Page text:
The duties start date in this case would be the date the director with the employment contract began employment. However, at that time the organisation was exempt from the duties and not classed as an employer, therefore the duties are to be given effect from the date the second worker with the contract of employment started working for the organisation.

Other office-holders

The special rules for directors do not apply to other office-holders, such as trustees or company secretaries

These office-holders will be classed as workers and subject to the automatic enrolment duties if they have an employment contract with the organisation.

If they have no employment contract and only perform the duties of their office, they are not a worker and are exempt.

Where an office holder does have a contract of employment, it may not cover all of the work that they do for the company.

For example, a company secretary's contract might cover additional administrative services that they provide to the company, but not their official duties as company secretary. In this situation, the office-holder is classed as a worker, but only their income under the employment contract is counted for automatic enrolment purposes.

Married couples and civil partners

There are no special rules for directors who are married or in a civil partnership, as the duties are not affected by any family relationships.

If the only people working for the company are a married couple or civil partners and both are directors, they will both be workers if they both have contracts of employment with the company. If only one of them has an employment contract, or neither of them does, then neither of them will be workers and the company will not be an employer.

In the case of a company where one spouse or civil partner is the director and the other holds the office of company secretary (please note this is not the same as simply performing general secretarial work, which would not be exempt), exemption from automatic enrolment will depend on whether contracts of employment are held by each spouse or civil partner.

A number of different circumstances might arise, for example:

  • if both are directors and neither has a contract of employment, both will be exempt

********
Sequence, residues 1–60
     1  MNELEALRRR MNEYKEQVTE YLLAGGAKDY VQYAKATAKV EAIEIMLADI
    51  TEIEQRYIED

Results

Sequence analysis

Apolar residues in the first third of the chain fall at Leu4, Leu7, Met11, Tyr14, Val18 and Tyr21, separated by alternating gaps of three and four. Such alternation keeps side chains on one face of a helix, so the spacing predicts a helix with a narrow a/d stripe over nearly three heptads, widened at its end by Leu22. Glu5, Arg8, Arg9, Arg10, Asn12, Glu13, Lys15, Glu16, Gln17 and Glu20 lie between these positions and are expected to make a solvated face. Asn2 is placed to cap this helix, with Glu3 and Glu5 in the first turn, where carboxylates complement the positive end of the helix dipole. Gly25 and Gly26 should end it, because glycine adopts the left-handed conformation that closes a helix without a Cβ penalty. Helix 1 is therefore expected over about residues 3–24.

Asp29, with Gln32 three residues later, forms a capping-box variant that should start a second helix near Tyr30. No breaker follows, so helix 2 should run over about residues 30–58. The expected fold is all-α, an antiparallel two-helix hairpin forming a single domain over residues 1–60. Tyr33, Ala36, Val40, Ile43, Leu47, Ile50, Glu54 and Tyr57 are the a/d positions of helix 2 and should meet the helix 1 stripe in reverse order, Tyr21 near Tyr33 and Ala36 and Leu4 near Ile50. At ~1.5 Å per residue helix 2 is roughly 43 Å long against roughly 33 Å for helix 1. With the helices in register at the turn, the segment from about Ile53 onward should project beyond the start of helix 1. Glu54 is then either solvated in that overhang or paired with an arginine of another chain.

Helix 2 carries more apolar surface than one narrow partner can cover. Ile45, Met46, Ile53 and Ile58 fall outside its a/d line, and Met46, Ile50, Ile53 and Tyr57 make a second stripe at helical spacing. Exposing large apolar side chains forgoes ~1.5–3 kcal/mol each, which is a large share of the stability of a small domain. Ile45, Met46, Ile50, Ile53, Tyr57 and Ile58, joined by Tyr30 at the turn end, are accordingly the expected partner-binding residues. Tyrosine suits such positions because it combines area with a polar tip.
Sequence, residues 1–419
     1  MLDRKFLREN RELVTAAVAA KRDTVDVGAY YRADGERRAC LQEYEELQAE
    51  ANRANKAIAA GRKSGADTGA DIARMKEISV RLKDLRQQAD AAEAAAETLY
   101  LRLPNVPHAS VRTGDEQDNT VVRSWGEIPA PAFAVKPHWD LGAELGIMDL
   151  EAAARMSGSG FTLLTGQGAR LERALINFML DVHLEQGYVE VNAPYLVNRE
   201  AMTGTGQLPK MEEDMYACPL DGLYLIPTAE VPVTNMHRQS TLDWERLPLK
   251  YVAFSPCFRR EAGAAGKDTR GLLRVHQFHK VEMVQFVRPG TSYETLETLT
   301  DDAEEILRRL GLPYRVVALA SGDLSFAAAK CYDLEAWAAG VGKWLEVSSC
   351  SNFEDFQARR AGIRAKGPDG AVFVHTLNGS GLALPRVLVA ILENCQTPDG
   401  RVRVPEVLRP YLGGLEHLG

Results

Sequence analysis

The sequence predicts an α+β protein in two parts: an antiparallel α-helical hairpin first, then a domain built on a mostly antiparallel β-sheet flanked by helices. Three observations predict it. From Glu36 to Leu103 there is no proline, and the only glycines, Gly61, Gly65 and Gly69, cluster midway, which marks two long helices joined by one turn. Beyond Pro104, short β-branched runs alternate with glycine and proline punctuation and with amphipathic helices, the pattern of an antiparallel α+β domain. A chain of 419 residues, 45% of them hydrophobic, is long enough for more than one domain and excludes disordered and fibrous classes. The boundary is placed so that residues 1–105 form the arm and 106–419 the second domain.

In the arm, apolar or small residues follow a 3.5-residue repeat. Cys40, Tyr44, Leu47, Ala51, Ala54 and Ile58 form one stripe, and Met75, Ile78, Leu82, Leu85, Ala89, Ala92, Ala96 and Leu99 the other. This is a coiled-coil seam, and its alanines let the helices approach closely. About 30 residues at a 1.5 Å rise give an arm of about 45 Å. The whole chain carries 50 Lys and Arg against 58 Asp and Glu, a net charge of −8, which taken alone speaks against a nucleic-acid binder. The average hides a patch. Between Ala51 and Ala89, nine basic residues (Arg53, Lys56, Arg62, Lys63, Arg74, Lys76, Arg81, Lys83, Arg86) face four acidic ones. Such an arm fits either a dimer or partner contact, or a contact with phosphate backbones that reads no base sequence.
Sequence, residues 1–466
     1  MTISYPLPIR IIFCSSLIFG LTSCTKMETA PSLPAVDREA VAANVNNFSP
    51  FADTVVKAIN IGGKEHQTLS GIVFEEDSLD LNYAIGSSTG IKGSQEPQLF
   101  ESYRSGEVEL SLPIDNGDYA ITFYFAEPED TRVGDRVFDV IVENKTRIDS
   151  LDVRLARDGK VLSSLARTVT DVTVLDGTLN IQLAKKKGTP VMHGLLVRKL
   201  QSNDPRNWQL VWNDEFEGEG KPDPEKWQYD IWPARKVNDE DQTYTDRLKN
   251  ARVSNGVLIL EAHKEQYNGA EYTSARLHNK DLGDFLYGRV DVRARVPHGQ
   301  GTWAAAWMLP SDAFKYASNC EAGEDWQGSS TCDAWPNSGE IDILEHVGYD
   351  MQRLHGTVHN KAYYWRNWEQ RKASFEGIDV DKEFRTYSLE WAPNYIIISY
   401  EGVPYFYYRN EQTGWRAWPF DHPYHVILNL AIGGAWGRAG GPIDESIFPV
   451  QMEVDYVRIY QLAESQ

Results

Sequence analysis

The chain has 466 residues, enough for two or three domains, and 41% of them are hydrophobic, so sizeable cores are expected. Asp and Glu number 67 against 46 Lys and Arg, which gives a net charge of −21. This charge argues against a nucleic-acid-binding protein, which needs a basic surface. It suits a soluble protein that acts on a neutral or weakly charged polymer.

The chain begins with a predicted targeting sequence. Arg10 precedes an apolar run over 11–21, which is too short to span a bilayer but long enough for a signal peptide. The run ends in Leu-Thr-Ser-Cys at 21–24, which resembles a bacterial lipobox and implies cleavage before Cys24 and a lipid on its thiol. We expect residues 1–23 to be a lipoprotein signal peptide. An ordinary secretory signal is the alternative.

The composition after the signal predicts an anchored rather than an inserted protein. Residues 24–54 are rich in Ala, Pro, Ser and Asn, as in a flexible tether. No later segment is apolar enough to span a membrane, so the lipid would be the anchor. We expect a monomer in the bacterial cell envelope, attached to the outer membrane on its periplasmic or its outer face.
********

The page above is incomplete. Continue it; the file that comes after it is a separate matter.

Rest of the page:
• if both are directors and one has a contract of employment but the other does not, both will be exempt
  • if one is a director and the other is not, and both have contracts of employment, the one who is a director will be exempt but the one who is not a director will not be exempt (depending on their age and earnings, they may qualify for automatic enrolment and need to be put into a pension)
  • if both have contracts of employment, neither is exempt and the company will have duties for both of them, even for a spouse or civil partner who is a director (although the company can choose not to automatically enrol a director - see below)
  • if one holds the office of company secretary but is not a director, they are only exempt if they do not have a contract of employment (for example, because they only perform the official duties of their office, such as submitting the annual return to Companies House)
  • if the company secretary has a contract of employment, they would not be exempt even if the contract only applies to additional work that they do over and above their official responsibilities

When you can choose whether or not to automatically enrol someone

There are some cases where an employer can decide whether or not to put someone in a pension scheme, if the member of staff has triggered automatic enrolment or re-enrolment, including people who:

  • are directors who are working under an employment contract, where there is at least one other worker working for the organisation under an employment contract
  • are in their notice period
  • have ceased active membership of a pension which is approved for use with automatic enrolment within the previous 12 months
  • are partners of limited liability partnership (LLP) companies, but are not salaried members under HMRC tax rules
  • have HMRC tax protected status

Whether or not they choose to automatically enrol any of these workers, the employer will need to communicate to them - and they will still need to make a declaration of compliance.

However, these individuals do have the right to opt in or join a pension scheme at any time and, if they do so, the employer cannot refuse to enrol them (except in the case where the employer has chosen to exclude people in their notice period, as these people lose the right to opt in or join).